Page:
A Society Adrift, available in January, is a posthumous collection of interviews and papers given by Cornelius Castoriadis between 1974 and 1997. Castoriadis is known for his radical political thought and often militant philosophies. He was also an influential economist and philosopher. A Society Adrift acts as a concise primer on the Greek thinker, offering a look into his words and works. A proponent of direct democracy, Castoriadis founded the leftist group “Socialisme ou Barbarie” in Paris with Claude Lefort. Helen Arnold, the translator, participated in the group for several years and has translated other books by Castoriadis.
In Religion and Literature, we have Tombeau of Ibn Arabi and White Traverses, written by Abdelwahab Meddeb and translated by Charlotte Mandell. Tombeau of Ibn Arabi is a series of prose poems that draws inspiration from both Dante and Ibn Arabi, a Sufi poet whose love poems both shocked and exhilarated Islamic culture. White Traverses is Meddeb’s memoir of growing up in Tunisia, torn between the Islamic and European influences at play there. The book is a lyrical blend of poetry and religious thought.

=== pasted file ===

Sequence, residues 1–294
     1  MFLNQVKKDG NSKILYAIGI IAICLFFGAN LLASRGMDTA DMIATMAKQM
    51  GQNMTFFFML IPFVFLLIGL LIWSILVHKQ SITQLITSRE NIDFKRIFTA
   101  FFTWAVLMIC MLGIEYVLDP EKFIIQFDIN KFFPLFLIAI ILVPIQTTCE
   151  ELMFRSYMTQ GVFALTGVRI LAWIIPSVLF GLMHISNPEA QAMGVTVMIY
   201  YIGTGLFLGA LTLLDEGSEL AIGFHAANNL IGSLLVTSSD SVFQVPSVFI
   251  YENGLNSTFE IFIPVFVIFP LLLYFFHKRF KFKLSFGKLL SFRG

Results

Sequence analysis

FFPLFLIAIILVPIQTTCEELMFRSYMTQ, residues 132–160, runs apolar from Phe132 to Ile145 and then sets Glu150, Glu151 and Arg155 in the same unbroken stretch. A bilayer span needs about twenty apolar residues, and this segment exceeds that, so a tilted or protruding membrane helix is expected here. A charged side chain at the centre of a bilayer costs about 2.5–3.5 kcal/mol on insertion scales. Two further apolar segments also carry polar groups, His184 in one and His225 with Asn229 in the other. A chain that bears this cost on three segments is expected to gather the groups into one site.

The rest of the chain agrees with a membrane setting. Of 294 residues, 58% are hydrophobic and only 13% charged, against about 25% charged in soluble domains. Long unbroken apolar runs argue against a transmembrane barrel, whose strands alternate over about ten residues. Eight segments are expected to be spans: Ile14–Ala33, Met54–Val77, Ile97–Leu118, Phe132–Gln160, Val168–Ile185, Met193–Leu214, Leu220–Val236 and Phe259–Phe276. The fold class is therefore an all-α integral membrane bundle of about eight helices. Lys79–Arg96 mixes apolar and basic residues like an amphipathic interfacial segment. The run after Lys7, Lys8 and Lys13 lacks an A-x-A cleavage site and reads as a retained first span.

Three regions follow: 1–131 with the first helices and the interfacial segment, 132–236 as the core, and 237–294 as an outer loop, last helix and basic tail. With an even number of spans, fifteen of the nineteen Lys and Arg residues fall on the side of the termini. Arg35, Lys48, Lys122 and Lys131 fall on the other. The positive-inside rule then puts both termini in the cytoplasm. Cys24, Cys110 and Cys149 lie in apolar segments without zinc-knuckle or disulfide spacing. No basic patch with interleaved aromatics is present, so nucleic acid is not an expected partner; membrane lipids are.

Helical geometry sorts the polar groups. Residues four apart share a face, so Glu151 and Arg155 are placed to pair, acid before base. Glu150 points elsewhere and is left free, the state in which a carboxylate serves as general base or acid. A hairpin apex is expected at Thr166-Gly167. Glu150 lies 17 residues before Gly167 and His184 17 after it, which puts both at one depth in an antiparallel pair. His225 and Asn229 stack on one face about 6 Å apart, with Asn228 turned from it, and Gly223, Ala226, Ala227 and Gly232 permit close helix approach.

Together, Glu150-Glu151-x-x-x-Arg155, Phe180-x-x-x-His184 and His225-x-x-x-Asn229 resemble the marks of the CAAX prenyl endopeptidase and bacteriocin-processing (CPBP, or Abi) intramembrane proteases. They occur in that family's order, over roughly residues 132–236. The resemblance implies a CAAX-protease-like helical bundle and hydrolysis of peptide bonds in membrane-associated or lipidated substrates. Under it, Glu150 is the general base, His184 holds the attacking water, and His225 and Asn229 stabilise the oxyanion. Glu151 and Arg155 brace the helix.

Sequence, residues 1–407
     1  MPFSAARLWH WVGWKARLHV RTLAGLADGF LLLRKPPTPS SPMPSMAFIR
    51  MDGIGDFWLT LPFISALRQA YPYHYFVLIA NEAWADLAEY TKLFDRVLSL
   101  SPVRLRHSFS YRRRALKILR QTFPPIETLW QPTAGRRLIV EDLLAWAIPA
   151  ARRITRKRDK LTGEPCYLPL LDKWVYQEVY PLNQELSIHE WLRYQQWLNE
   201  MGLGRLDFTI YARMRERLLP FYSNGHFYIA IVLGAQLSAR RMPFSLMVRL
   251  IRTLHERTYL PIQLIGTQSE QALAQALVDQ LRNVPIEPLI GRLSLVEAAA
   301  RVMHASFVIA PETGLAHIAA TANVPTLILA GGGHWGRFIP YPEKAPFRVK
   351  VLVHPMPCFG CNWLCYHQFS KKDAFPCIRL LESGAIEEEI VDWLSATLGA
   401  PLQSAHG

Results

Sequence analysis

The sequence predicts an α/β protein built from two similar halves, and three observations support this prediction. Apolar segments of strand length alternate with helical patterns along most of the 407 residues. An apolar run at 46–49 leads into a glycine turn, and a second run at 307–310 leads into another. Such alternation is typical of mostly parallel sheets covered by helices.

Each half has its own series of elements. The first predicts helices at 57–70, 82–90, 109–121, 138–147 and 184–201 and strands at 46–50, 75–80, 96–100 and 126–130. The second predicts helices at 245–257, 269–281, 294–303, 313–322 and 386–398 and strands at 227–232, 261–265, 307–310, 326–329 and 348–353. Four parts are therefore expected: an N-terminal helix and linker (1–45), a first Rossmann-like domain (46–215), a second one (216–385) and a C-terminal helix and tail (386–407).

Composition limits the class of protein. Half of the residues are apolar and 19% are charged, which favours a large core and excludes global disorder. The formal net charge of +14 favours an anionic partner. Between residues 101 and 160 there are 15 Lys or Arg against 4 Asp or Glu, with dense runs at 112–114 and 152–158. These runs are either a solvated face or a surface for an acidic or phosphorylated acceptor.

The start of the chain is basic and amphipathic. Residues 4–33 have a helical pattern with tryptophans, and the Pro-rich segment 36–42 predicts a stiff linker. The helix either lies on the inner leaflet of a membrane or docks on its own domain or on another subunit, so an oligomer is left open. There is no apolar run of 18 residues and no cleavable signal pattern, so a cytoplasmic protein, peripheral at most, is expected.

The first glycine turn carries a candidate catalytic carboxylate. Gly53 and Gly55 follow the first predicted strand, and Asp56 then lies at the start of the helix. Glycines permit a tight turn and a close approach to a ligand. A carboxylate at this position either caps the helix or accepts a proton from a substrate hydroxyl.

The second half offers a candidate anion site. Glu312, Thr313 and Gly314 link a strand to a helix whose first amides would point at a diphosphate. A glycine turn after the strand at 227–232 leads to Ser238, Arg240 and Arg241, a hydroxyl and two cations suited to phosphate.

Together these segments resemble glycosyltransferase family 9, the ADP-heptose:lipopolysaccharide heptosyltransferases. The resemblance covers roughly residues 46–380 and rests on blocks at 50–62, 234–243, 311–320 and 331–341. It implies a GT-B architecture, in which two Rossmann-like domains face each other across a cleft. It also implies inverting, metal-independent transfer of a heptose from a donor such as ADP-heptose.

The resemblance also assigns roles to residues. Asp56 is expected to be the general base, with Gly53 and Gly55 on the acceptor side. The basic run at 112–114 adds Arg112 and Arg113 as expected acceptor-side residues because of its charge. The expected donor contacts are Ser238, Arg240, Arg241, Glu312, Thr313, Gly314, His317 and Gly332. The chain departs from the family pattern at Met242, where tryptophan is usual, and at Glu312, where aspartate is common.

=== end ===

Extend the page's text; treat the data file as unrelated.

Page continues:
From Jennifer Greiman comes Democracy’s Spectacle: Sovereignty and Public Life in Antebellum American Writing. Greiman dissects the relationship between sovereignty and democracy, pulling from political theorists as varied as Lydia Marie Child, Alexis de Tocqueville, Gustave de Beaumont, Nathaniel Hawthorne, and Herman Melville. Jonathan Elmer, of Indiana University, says of the book: “…Greiman advances a complex, nuanced and original argument about the contradictions of antebellum popular sovereignty and their virulent expression in public spectacles, as well as in writing and theorizing about such spectacles. This searching study will be compelling reading for those wondering about the roots of our current failures of political imagination.”